"One of the focuses of our school has been saturating the kids with opportunity," says McDonough. "If you're going to do that, you have to be committed to it, so when we had kids potentially having to choose between Stage Band and another after-school program, we decided to make it a class."

Enter Hayes, an immediately likable, ponytailed man who resembles Steve Carell. Besides Stage Band, Hayes also teaches a percussion class on his own.

He's what some would call a jack-of-all-trades, most of which have something to do with music. Besides teaching at Pin Oak, Hayes gives private lessons, runs a small recording studio, plays in a band and creates soundtracks for various Web sites and independent films. However, one nonmusical trade is kicking serious ass — Hayes is also a full-time professional wrestler, putting on between 160 and 180 shows a year across the South.

Hayes can power-bomb a 200-pound man with ease, so discipline isn't really an issue in his classes.

Stage Band operates a lot like an actual band practice. The kids have to audition to get in, so there isn't much time spent actually teaching them how to play instruments. They come in, set up and, after a 15-­minute or so lecture on the history of a specific aspect of music, begin to play.

Today's lecture, delivered by Hayes, revolves around the (surprisingly) storied history of "Louie Louie," one of the two songs the kids were assigned to learn as homework.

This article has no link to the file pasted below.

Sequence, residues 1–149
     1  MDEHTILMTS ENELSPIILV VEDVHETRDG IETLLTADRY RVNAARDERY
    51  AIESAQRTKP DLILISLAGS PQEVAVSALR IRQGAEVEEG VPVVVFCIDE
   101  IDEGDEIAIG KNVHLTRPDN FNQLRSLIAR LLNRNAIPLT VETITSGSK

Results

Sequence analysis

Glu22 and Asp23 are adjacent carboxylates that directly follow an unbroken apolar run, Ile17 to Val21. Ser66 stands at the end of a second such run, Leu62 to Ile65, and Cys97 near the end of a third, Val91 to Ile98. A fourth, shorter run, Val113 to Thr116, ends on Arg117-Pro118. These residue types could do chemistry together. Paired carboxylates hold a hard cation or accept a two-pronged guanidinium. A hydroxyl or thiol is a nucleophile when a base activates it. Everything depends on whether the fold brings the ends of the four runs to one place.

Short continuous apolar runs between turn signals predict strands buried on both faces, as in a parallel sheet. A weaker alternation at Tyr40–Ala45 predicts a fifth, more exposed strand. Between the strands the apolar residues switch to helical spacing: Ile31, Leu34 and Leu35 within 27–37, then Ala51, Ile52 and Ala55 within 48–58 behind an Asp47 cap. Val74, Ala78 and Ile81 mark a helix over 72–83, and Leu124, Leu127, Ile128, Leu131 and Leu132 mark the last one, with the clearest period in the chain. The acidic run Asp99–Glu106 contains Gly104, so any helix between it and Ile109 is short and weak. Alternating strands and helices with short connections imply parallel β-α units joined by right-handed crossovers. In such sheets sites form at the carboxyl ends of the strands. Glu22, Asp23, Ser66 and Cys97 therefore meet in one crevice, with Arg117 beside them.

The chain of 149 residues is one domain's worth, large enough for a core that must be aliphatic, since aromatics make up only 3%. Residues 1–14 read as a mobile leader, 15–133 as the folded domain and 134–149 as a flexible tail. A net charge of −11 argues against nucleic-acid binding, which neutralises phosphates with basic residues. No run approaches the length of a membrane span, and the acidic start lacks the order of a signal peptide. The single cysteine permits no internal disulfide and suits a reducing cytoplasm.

Hayes's interpretation of the Kingsmen classic's history includes references to the FBI, communism and the "two fundamental topics of every rock and roll song: girls and cars." Foster and Hayes aren't just trying to teach kids to rock, they're trying to teach them about rock. It's not enough for the kids to play the songs, they need to understand them.

According to McMillon, it works like gangbusters.

"Al and Mr. Foster really helped me learn music," the Gloryhounds guitarist says. "Taking lessons [before], sure, I got all of the stuff I needed to play guitar. And when I went into the class, I knew my stuff, but I didn't know how to use it. I knew stuff, but it was useless, because I couldn't show it off. They taught us how to play. That's really just as important as knowing what you're doing."

"Our basic idea is to take information and teach kids how to apply it," explains Hayes. "For example, I can tell you about a scale, and you can say 'Okay,' but if you don't understand the scale, then it's no good. Other places teach what a scale is, but they don't teach them what to do with it. That's what we strive for."

Thirteen kids, in either the seventh or eighth grade, constitute this year's Stage Band class. Throughout this "practice," they're substituted in and out like players on a basketball team. A group of five or six plays together, while another one or two fuss with the soundboard. The others sit to the side, silently strumming along, rehearsing their lyrics or debating whether a saxophone player is a saxist, saxophonist or saxophoner.

Stage Band is kinda like Fight Club. Eventually, all the students are required to perform, and must be passing to do so, but low grades aren't typically an issue. The vast majority of Stage Band students, past and present, laugh in the face of rocker stereotypes and are found extremely high up in Pin Oak's GPA rankings.

That might be because of the potential of receiving an Al Hayes powerbomb, but it's more likely because the kids feel highly invested in their school and, as a result, their grades. This seems to be Foster's proudest accomplishment.